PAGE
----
describes a method and device for three-dimensional printing wherein successive layers of material are deposited, and the apparatus comprises so-called targeted heat sources adapted to pre-heat, post-heat or cool the deposited material in a targeted manner.
One aspect of the present disclosure includes a multiple axis robotic additive manufacturing system includes a robotic arm movable in six degrees of freedom. The system includes a build platform movable in at least two degrees of freedom and independent of the movement of the robotic arm to position the part being built to counteract effects of gravity based upon part geometry. The system includes an extruder mounted at an end of the robotic arm. The extruder is configured to extrude at least part material with a plurality of flow rates, wherein movement of the robotic arm and the build platform are synchronized with the flow rate of the extruded material to build the 3D part.
Another aspect of the present disclosure relates to a method of printing a 3D part with a multiple axis robotic build system. The method includes printing at least a portion of the part on a build platform along a 3D tool path with an extruder mounted on a robotic arm that moves in six degrees of freedom. The method further includes orienting the part by moving the build platform during printing based on a geometry of the part being printed separate from the movement of the robotic arm wherein the movement of the build platform and the movement of the robotic arm are synchronized to print the part without support structures.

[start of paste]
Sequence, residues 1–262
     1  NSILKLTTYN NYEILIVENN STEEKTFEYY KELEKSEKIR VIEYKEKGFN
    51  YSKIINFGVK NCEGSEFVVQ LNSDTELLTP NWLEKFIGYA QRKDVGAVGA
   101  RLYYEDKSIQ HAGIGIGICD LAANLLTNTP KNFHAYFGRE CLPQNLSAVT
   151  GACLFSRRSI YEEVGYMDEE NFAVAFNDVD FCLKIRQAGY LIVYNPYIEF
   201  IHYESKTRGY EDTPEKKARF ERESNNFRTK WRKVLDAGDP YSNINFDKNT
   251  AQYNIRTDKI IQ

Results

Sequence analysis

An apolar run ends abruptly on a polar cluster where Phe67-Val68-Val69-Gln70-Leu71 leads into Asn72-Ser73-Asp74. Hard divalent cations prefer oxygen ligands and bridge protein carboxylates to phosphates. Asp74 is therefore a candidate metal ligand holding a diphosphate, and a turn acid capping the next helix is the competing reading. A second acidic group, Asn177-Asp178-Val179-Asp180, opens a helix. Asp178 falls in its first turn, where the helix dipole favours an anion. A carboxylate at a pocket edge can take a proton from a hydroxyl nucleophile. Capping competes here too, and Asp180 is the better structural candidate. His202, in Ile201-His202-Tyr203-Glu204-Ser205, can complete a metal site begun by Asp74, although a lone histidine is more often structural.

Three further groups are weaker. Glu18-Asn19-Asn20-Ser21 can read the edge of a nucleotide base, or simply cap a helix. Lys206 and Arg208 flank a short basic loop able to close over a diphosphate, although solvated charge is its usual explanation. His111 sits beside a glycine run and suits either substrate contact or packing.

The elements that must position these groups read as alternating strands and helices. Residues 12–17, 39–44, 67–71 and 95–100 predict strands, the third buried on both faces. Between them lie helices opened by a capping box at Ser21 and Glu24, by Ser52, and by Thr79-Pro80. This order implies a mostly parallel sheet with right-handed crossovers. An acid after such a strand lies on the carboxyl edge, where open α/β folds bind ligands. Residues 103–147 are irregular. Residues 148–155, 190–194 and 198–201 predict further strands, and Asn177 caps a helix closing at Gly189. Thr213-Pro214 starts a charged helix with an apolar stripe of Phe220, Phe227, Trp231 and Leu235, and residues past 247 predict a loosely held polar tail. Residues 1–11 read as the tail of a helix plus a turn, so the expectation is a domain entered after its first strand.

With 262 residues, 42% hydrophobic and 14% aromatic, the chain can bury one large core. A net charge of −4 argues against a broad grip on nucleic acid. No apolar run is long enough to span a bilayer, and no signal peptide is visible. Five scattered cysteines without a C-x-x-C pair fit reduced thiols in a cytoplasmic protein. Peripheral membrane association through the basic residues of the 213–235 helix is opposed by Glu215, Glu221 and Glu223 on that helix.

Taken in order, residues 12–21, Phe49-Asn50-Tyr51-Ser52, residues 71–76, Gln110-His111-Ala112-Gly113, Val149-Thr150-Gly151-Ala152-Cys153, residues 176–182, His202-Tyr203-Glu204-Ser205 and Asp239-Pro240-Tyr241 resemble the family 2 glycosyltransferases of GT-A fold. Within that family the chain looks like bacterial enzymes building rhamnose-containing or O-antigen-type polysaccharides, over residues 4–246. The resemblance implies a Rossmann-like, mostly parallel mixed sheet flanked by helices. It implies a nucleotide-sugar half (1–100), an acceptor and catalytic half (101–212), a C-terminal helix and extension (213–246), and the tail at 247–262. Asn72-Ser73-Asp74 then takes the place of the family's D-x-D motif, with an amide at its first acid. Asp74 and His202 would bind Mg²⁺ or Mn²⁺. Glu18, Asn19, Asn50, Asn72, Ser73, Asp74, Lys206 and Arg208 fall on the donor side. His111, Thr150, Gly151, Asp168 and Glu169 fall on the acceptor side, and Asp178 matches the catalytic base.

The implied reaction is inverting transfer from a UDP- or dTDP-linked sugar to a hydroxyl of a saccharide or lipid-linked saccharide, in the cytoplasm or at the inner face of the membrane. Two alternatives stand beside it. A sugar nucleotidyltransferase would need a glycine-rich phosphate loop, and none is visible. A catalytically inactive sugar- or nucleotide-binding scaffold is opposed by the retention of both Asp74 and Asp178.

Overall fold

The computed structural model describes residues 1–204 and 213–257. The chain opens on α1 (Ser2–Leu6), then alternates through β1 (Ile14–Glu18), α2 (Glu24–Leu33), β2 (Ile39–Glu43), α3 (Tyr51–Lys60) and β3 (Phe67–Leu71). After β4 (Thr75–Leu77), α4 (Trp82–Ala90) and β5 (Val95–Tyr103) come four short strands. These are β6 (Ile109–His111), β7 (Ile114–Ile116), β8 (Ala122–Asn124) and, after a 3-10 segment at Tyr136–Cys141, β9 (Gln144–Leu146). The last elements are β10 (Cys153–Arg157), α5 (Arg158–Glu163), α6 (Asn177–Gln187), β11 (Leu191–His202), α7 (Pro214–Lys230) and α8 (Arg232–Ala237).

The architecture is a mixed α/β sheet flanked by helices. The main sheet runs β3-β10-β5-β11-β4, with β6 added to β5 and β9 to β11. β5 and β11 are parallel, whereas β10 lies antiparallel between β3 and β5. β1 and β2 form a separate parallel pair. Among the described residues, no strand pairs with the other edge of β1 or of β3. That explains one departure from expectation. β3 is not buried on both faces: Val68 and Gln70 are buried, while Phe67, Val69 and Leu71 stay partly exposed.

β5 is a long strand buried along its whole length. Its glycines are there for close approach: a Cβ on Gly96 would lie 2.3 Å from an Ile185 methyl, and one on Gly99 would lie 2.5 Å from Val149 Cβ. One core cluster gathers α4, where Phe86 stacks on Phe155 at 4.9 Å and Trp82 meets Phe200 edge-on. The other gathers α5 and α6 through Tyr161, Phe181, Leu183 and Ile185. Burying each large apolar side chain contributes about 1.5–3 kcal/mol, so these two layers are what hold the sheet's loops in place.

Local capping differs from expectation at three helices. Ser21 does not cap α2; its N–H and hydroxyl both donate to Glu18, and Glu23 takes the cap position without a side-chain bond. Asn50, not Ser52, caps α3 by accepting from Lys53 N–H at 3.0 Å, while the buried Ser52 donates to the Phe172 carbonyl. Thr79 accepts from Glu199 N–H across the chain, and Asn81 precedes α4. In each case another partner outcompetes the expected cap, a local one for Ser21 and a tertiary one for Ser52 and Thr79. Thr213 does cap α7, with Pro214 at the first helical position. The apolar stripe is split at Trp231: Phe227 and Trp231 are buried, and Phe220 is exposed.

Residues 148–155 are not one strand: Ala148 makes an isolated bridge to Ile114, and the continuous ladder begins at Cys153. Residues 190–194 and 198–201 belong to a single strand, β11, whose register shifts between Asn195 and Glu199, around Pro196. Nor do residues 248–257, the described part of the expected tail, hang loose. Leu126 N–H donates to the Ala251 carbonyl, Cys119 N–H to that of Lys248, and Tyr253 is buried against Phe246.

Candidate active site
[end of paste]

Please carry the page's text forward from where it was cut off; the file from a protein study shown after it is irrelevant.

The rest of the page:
Another aspect of the present disclosure relates to a method printing a 3D part in an out of oven printing environment. The method includes providing an extruder on a robotic arm having six degrees of freedom and providing a build platform movable in at least two axes of rotation. The method includes extruding at least a first segment of a first portion of the part along a first 3D tool path and extruding at least a second segment of a second portion of the part conformally to a surface of the first portion of the part along a second 3D tool path. Extruding a second portion of the part comprises locally pre-heating a portion of the first portion along the second 3D tool path of the second portion of the part prior to extruding on that portion of the tool path.
Unless otherwise specified, the following terms as used herein have the meanings provided below:
The terms "preferred", "preferably", "example" and "exemplary" refer to embodiments of the invention that may afford certain benefits, under certain circumstances. However, other embodiments may also be preferred or exemplary, under the same or other circumstances. Furthermore, the recitation of one or more preferred or exemplary embodiments does not imply that other embodiments are not useful, and is not intended to exclude other embodiments from the scope of the present disclosure.
Directional orientations such as "above", "below", "top", "bottom", and the like are made with reference to a layer-printing direction of a 3D part. In the embodiments shown below, the layer-printing direction is the upward direction along the vertical z-axis. In these embodiments, the terms "above", "below", "top", "bottom", and the like are based on the vertical z-axis. However, in embodiments in which the layers of 3D parts are printed along a different axis, such as along a horizontal x-axis or y-axis, the terms "above", "below", "top", "bottom", and the like are relative to the given axis.